So while the efforts on the Princeton campus, spearheaded by the pre-existing student/faculty group Ecology Action, continued to involve a university’s strong suit — i.e. people who could think deep thoughts and pontificate upon them — a striking array of activities began to gather around the Wednesday event until the Princeton community as a whole declared a surrounding Earth Week, comprising an array of efforts in which anyone who wished could find an active and (ideally) personally meaningful and memorable role. Starting the Sunday prior, groups all over town began cleaning up streams, roads, lots, whatever, and the University chipped in simply by allowing all the detritus to be piled on Cannon Green before it was hauled away, an image tying the improvement of the future to the rituals of the past. Ralph Nader ’55, very appropriately, got a day all to himself. There was a slogan contest, with a $500 first prize (undergrad tuition was $2,500/year). An intriguing film festival highlighted various ways in which human intervention was destroying the natural environment. There were 15 separate workshops on how to best go about local cleanup and get politically or scientifically active (at which there was some disagreement among veterans of both), mixed media arts exhibitions, and a “Rite of Celebration for Planet Earth” in the Chapel. And for four hours, for the first time anybody could remember, Nassau Street was turned into a festive pedestrian mall allowing views of the campus and stores no one had ever seen, never mind the unnerving quiet. A picture of it ran on the cover of PAW.

With the workshops on Earth Day covering the nuts and bolts to a fare-thee-well, the programming design for those who wanted to think strategically became an ironically similar all-star event to the ill-fated conference of the prior month, just with a public audience. And to show the eclectic nature of the national awareness and concern over the environment — which, recall, had been essentially nothing eight years before — consider the panelists for the very healthy three-hourpublic session on “The Uses and Abuses of Our Natural Environment.” The moderator was Clifford Case, as close to a nonpartisan senator as New Jersey has ever had, and the panelists were Gary Soucie, one of the recent founders of Friends of the Earth; Richard Falk, the great Princeton professor of law and internationalist; Richard Sullivan, environmentalist in his first day as head of New Jersey’s new Department of Environmental Protection, only the third in the country; Gordon MacDonald, who had been an environmental scientist almost before such a thing existed, contributing to White House white papers in the mid-’60s, and a member of President Nixon’s brand-new Council on Environmental Quality; Laurance Rockefeller ’32, University trustee and friend of National Parks everywhere, one of the best known supporters of ecological causes in the country; and Najeeb Halaby, president of Pan American airlines and former administrator of the FAA. The comments during the session were encyclopedic, ranging from mixed reactions to the proposed American Supersonic Transit passenger jet (which never happened), to disagreement on the need for political pressure to get any movement from industry, to the need for national governments to be essentially replaced to enable serious progress (always one of Falk’s favorites). Case noted the disproportion between federal spending on the environment vs. defense. Rockefeller, who had been with the cause for years, made sage remarks about the inevitable need for both cooperation and confrontation. More concerning was the turnout in commodious Dillon Gym, only about 600, fewer than half of whom appeared to be students. This was only a third of those who had turned up in March to not hear Wally Hickel; there was suspicion that issue fatigue (i.e. the war) had reared its ugly head yet again.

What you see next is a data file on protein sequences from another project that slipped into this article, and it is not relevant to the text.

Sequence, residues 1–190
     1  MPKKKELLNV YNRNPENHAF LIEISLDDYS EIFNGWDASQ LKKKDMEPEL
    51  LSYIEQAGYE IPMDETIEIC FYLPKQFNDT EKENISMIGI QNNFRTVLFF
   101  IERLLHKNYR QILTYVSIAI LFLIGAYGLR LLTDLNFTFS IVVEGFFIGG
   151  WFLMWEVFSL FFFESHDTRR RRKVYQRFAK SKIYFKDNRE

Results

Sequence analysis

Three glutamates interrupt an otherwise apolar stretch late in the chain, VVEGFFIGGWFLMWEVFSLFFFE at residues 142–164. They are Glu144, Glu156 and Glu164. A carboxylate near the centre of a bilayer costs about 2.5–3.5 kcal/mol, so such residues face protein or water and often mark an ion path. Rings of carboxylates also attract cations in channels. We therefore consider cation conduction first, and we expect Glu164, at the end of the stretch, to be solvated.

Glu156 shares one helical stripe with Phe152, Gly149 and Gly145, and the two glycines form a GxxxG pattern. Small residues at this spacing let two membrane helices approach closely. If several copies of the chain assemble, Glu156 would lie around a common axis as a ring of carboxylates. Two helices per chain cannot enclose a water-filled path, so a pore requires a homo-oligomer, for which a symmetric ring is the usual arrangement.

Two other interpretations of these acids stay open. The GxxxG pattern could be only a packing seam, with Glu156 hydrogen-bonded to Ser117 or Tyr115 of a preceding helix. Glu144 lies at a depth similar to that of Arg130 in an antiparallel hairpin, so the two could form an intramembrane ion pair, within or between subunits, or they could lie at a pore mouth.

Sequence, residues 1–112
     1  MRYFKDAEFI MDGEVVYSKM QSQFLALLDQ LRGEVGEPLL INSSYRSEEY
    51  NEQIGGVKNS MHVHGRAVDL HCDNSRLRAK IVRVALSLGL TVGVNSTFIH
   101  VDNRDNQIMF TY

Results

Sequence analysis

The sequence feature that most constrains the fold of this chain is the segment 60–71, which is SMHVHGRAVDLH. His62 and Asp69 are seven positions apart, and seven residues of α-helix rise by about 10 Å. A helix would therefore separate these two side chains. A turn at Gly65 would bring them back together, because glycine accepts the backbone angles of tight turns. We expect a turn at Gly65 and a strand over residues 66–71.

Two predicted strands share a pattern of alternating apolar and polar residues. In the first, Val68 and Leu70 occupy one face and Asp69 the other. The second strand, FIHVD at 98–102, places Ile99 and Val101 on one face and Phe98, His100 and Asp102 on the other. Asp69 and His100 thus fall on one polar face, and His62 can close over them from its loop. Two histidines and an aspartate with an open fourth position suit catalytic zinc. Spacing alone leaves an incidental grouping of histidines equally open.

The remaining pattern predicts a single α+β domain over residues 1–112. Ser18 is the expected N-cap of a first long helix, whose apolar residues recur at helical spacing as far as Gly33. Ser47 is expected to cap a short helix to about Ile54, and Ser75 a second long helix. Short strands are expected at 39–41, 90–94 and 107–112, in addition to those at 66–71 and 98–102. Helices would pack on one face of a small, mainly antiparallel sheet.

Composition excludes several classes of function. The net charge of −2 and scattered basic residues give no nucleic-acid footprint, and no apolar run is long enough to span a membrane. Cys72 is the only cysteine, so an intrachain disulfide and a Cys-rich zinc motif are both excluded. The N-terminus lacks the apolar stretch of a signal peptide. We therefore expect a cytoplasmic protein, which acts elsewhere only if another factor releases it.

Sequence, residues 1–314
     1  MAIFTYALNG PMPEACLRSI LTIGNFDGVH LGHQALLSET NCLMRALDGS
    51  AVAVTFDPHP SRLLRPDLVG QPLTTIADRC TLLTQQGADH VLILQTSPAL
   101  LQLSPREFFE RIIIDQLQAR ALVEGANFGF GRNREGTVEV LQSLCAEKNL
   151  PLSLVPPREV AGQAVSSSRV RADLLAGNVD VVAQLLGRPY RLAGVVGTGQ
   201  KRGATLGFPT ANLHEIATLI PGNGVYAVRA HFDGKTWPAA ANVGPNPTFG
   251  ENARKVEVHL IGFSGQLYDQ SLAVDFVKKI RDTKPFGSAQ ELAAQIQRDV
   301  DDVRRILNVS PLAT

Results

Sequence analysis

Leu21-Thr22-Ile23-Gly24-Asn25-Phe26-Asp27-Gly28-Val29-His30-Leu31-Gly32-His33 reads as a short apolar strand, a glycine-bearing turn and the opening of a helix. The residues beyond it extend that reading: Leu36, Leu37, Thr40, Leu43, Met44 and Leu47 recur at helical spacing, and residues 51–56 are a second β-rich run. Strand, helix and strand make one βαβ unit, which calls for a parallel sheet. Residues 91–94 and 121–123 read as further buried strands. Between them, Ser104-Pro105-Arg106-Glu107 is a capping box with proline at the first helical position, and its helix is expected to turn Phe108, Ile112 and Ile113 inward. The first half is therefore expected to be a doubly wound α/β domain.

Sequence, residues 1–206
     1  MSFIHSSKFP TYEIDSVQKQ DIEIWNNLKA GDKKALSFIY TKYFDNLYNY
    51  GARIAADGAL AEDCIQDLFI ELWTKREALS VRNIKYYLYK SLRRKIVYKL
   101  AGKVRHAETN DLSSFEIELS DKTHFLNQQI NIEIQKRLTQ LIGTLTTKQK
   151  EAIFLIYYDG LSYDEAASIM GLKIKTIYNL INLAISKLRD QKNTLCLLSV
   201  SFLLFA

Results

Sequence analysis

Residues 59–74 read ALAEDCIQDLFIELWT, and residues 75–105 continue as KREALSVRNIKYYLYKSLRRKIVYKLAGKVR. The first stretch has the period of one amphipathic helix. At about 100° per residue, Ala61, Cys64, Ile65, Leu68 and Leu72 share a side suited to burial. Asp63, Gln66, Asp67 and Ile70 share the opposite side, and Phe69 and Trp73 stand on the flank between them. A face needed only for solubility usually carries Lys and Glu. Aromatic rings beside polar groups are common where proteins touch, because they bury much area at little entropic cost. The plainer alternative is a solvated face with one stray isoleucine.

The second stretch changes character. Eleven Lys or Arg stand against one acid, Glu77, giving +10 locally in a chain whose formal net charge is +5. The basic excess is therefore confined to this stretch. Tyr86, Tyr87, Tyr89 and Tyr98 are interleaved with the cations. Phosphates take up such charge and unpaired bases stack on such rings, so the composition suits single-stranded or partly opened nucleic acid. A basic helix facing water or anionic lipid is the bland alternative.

The validity of that first Earth Day, in Princeton and nationally, has long since been proven, both immediately — five departments and Stevenson Hall announced various environmental courses for the fall of 1970 — and continuingly, as today’s robust environmental activities involving town and gown together illustrate. But it also jarringly shows the fragility of such beneficent causes in a dangerous world. One week after Earth Day, on April 29, 1970, Nixon invaded Cambodia. It did indeed lead to the largest concentrated outpouring of volunteerism and activism ever seen at Princeton, but precisely none of it related to the environment. Meanwhile, in Washington, Wally Hickel took time out from his daily tussle with Big Oil; after the May 4 killings at Kent State, he wrote a letter to Nixon (perhaps envisioning the Hickel Hecklers?) contending the administration was ignoring the concerns and interests of its young people, especially in its conduct of the war. Nixon fired him.